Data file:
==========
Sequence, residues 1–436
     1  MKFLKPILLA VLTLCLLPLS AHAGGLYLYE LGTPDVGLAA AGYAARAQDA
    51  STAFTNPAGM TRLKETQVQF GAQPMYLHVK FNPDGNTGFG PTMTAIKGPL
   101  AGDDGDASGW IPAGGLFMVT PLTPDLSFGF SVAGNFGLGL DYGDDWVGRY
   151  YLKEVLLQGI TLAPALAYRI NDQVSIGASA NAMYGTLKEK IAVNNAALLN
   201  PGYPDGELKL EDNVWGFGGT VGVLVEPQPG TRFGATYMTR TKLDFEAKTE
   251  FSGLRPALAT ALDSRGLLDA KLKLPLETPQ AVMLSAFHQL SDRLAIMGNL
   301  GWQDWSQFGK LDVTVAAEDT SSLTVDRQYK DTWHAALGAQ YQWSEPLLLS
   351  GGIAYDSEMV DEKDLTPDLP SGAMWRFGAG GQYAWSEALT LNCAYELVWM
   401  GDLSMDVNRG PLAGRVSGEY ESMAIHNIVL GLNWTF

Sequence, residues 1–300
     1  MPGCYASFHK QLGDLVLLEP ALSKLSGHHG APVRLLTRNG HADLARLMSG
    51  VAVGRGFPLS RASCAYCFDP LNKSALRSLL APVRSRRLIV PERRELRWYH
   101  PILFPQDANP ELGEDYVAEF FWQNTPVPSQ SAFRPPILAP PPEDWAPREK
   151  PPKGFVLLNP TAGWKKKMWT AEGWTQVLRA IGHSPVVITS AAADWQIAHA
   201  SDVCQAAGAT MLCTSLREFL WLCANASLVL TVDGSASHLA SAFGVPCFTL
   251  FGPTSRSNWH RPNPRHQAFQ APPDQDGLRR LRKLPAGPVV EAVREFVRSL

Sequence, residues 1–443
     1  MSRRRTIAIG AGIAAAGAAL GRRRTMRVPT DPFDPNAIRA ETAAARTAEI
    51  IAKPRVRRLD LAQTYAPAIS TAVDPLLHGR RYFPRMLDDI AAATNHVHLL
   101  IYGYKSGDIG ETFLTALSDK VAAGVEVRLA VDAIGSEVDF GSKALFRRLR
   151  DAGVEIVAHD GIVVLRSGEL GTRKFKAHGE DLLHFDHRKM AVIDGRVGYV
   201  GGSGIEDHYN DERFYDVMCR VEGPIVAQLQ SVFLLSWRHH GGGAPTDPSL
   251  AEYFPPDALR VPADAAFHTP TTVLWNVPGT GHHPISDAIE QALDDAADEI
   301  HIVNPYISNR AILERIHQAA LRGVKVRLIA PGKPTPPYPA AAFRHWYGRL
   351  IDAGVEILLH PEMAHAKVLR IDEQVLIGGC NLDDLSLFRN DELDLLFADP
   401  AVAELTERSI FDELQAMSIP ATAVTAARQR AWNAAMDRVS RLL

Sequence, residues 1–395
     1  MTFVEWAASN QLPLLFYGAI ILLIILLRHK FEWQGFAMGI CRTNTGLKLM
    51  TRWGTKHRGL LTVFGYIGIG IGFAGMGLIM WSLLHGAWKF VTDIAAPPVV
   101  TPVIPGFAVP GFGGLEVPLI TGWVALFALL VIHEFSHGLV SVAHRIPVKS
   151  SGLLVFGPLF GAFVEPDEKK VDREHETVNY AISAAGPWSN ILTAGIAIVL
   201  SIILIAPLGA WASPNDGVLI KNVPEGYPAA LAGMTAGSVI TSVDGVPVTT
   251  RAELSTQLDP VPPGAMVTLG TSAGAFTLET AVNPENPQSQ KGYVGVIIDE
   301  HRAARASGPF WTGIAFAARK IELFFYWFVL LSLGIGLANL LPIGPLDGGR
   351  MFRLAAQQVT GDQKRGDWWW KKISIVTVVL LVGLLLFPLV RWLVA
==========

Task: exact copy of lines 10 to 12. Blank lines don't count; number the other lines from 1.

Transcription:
   401  GDLSMDVNRG PLAGRVSGEY ESMAIHNIVL GLNWTF

Sequence, residues 1–300
     1  MPGCYASFHK QLGDLVLLEP ALSKLSGHHG APVRLLTRNG HADLARLMSG